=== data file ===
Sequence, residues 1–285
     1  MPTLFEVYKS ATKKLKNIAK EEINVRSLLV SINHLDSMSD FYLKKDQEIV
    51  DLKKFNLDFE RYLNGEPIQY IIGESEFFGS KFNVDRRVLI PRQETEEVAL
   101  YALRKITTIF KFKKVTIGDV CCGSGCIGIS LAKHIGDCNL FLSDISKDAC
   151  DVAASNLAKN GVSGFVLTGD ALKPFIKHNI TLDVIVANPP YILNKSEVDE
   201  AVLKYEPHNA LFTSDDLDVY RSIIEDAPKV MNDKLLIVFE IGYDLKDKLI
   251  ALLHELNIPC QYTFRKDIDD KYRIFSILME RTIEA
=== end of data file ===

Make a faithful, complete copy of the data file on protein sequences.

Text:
Sequence, residues 1–285
     1  MPTLFEVYKS ATKKLKNIAK EEINVRSLLV SINHLDSMSD FYLKKDQEIV
    51  DLKKFNLDFE RYLNGEPIQY IIGESEFFGS KFNVDRRVLI PRQETEEVAL
   101  YALRKITTIF KFKKVTIGDV CCGSGCIGIS LAKHIGDCNL FLSDISKDAC
   151  DVAASNLAKN GVSGFVLTGD ALKPFIKHNI TLDVIVANPP YILNKSEVDE
   201  AVLKYEPHNA LFTSDDLDVY RSIIEDAPKV MNDKLLIVFE IGYDLKDKLI
   251  ALLHELNIPC QYTFRKDIDD KYRIFSILME RTIEA